The three main outside parties to the Syrian crisis, the US, Russia and the UN can’t really agree on what they want to see in Syria. The US and UN both want Assad out, but Russia would prefer him to stay, as he is their biggest ally in the Middle-East. The UN and Russia both want Iran to take part in the talks, as they are supporting the Syrian government and heavily involved in the conflict, whereas the US would prefer to deny one of their biggest enemies a place at the table. On Monday the UN invited Syria to the first round of talks taking place on Wednesday, taking the US by surprise. However a day later the UN withdrew the invitation, saying that Iran had not accepted the conditions for talks. If the outside parties not fighting and dying in the conflict can’t agree, how can the Syrians?
Another huge obstacle for Geneva II is that the fact that not only is the Syrian National Coalition not the only rebel group, but it is not even the strongest. Firstly, the SNC is only political, mainly made up of exiled politicians. While they support the Free Syrian Army, they aren’t the same organisation, and the FSA decided not to take part in peace talks. Secondly, the most effective rebel forces in Syria are Islamic. The most ‘moderate’ of the Islamist groups, the Islamic Front, called the talks “treason”. That doesn’t even take in to account groups like the al-Nusra Front and ISIS, two powerful rebel groups who carry out suicide bombings, are part of al-Qaeda, and are also the most effective groups on the ground. Finally, there are the Kurdish rebels, who aren’t represented at Geneva II, and won’t accept any peace without some autonomy for themselves. Even in the unlikely event of an agreement between the SNC and Assad, what will be done about these groups?
Lastly, this is the main problem of Geneva II: that it will be almost impossible to get Assad and the SNC to agree on anything. The three year civil war has created enormous hatred, and made compromise almost impossible. After so much blood it is understandable that rebel groups can’t stand the thought of compromising with the dictator causing much of it. And the further the conflict goes on, the closer some rebel groups move to being the ‘terrorists’ Assad called them at the start of the conflict. Al-Nusra and ISIS are already acknowledged by everyone to be terrorist groups. The most that can be hoped for in terms of agreement between the two sides is for a compromise over the delivery of humanitarian aid.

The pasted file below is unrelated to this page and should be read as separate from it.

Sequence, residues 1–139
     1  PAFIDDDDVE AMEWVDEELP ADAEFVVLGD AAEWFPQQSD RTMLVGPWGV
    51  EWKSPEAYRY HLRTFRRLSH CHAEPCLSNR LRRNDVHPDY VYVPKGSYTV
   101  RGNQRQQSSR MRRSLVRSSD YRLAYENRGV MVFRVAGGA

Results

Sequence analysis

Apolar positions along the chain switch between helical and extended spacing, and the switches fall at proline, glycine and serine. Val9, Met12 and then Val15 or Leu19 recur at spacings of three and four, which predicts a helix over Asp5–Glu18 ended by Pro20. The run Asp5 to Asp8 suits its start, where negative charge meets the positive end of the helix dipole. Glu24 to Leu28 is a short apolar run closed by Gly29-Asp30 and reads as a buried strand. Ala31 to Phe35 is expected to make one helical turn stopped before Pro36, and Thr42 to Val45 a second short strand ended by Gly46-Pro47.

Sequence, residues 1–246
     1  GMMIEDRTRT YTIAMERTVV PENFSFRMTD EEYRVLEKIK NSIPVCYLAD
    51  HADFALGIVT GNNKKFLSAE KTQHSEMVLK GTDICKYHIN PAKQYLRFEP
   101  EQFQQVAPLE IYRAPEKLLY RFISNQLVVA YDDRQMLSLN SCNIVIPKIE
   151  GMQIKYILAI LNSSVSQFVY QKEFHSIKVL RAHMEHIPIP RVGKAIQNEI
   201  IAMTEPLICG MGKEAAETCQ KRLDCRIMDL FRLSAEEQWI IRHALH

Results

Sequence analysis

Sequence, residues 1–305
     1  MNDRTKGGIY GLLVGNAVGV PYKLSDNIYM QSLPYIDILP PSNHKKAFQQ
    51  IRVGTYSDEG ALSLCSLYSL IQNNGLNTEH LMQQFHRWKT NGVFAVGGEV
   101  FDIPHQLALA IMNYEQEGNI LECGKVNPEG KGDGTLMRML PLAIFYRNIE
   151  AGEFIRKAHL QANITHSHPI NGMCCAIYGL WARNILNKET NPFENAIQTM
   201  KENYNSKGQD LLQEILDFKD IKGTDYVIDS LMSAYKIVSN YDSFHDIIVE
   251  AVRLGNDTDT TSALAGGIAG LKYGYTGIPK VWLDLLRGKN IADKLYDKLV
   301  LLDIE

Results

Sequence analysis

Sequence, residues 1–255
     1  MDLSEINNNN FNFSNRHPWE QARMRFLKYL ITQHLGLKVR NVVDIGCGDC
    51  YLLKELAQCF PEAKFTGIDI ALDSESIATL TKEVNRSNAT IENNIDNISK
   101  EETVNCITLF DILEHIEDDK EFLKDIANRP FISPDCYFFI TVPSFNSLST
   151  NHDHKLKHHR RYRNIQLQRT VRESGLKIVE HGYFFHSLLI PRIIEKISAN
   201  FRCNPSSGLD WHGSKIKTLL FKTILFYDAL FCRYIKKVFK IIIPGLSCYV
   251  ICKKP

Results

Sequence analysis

So what would be needed for future peace talks to succeed? The main thing would be for the rebels to unite into a single group that could negotiate with Assad. This would increase their military strength, which would in turn benefit their bargaining position. At the moment Assad holds all the cards, and as long as he is backed by Russia and Iran, it’s hard to see him losing. This is the second thing that needs to happen, the US and UN need to negotiate behind the scenes with Iran but especially Russia. Any pressure Russia puts on Syria will be taken extremely seriously, and the US needs to attempt to find some common ground with the Russians. Finally, the government and rebels need to accept that total victory on their terms is impossible. Without any of these things taking place, it looks like these peace talks are doomed to failure before they’ve even begun.